Here comes a new challenger

New technology time!  My favourite time, really.

For documenting my time in Japan, my camera is something I carry with me all over the place.  I still use my Sony A300 DSLR regularly, but there’s one problem: it’s a heavy, obtrusive camera.  I feel the need to cart a wide angle and telephoto lens everywhere I go, and feel self-conscious touting it around stores looking for hilariously misspelled English to take photos of.  Additionally, some things like festivals can’t be completely captured as a still frame, so the addition of moving pictures (which I’ve coined the phrase “mopics” for) would be more than handy.

Yes, there are camera phones, but the image quality and response time always feels sub-par.  The other downside of phone cameras in Japan is that as an anti-pervert measure (by law?) the shutter noise cannot be turned off.  This is apparently a regional change to the Japanese version of the iPhone too.  Needless to say, although my objectives are pure (honest!), you don’t always want to break the dead silence of a packed train carriage with the tell-tale shutter noise.  Cameras without a phone feature, strangely, do not appear to be subject to this ruling, and can be run silently.  So, I decided it was time to take the plunge and look at the compact camera market.

After a bit of asking around, I ended up with Sony’s very slick new TX7, which I’m extremely happy with after three days of extensive use.  For around AUD $350 via Amazon Japan, not only does it include a wide range of impressive still shot features, but also the ability to do HD 1920×1080@60i movies!  These look absolutely gorgeous on the TX7’s 3.5 inch touchscreen – running eerily smoothly, they almost look hyper-real.

The sad part is that my three year-old laptop lacks the horsepower to display high quality movies smoothly.  So, I’m reduced to viewing them on the camera itself or converting them to a lesser format.

The video functions seem to perform very well in low light, too.  Although I don’t know if this clip runs in 60i on YouTube, try cranking the quality up to 1080p and tell me how it looks.  Unfortunately, my machine can only handle up to 720p.

The camera itself is slightly larger than a credit card, and 1.7cm thick.  It’s easily pocket-able along with my mobile phone, and easy to grab when the occasion demands.  So finally, I have a “go everywhere” camera I can use without diving into my backpack to grab my SLR.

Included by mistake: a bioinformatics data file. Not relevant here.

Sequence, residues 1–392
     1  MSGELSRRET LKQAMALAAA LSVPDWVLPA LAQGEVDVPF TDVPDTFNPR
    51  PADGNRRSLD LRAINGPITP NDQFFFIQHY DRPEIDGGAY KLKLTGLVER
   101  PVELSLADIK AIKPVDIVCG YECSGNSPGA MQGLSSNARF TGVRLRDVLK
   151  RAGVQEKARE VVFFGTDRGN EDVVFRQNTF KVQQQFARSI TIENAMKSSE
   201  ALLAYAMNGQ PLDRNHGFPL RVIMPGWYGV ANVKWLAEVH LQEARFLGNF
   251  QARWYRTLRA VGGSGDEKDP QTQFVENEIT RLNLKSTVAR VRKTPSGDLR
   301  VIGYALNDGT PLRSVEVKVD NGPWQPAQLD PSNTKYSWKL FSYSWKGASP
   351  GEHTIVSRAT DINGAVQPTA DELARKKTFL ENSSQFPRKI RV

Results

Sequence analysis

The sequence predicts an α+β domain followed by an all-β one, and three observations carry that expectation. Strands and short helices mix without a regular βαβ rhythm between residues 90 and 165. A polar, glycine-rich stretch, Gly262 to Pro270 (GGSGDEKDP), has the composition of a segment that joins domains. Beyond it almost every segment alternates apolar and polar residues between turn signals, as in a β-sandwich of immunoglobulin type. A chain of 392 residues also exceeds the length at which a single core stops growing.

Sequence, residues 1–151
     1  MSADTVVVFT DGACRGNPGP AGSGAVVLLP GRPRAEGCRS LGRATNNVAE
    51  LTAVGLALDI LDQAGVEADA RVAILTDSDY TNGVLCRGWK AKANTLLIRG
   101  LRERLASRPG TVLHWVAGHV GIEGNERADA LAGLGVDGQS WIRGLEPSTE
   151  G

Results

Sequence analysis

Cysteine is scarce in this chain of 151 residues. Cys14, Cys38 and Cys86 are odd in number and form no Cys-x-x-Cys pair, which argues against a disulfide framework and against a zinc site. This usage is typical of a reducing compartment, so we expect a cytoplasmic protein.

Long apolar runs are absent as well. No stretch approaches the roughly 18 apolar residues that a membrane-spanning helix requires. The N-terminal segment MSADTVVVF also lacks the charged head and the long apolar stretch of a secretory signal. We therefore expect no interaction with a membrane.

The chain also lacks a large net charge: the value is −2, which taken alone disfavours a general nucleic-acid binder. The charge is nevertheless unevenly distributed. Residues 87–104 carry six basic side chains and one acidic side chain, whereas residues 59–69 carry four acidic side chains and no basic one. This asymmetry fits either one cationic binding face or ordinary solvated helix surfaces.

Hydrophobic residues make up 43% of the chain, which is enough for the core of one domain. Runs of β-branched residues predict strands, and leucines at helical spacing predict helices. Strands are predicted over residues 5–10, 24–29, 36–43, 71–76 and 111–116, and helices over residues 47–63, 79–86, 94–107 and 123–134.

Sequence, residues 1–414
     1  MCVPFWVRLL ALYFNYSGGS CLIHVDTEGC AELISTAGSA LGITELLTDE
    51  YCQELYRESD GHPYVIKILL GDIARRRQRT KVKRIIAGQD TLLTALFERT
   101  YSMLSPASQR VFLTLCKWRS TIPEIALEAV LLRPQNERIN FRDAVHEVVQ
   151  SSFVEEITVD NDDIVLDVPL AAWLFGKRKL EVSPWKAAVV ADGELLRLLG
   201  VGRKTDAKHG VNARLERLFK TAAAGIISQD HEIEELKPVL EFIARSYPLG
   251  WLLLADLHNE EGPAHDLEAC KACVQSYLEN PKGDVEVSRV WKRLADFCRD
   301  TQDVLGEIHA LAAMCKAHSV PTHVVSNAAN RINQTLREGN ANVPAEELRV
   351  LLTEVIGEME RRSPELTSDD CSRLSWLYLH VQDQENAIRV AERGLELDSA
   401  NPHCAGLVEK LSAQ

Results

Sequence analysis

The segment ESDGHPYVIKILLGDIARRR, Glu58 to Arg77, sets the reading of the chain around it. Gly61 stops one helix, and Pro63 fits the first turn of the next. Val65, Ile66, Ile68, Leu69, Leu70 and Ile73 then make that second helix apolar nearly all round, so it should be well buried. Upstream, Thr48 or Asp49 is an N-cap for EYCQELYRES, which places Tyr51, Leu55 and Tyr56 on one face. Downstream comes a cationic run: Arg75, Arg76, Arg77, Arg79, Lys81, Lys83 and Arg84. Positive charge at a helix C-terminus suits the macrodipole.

You may also be surprised to find out that this camera can even take photos!  As well as taking a fairly decent shot for a compact camera, it’s got a couple of new modes I was pleasantly surprised at.  The first is a panorama (a.k.a. stitch) mode.  Stitching photos together is nothing new, but the joy of this camera is that it does all the processing inside the phone almost instantly.  Select a direction to pan the camera, press the shutter button, start smoothly swinging the camera around – a handy gauge tracks how fast you’re moving the camera and how much room you have left in your arc – and the stitched image appears almost instantaneously.

When I was a boy, why, we had to stitch our photos together in the snow!  With no shoes on!  Uphill!  It built character, I say.

But this is way easier.

The other feature of note is a HDR mode, processed in-camera.  HDR is the process of taking three separate shots of the same scene at different exposures, then later combining the shots together to try to “correct” the problems of under and overexposure in parts of a scene with varied lighting.  Usually, I have to do this manually via software, but the TX7 does it quickly and automatically, all in-camera.  The results don’t give you nearly as much control as a program like Photomatrix, but for the minimal effort required, it works a treat.

Anyway, that’s the quick introduction to the new member of the blog.  It really is amazing to me that they stuffed so many features into such a small box.  Hopefully I’ll be able to put it to good use soon to show some aspects of Japan I haven’t been able to until now.


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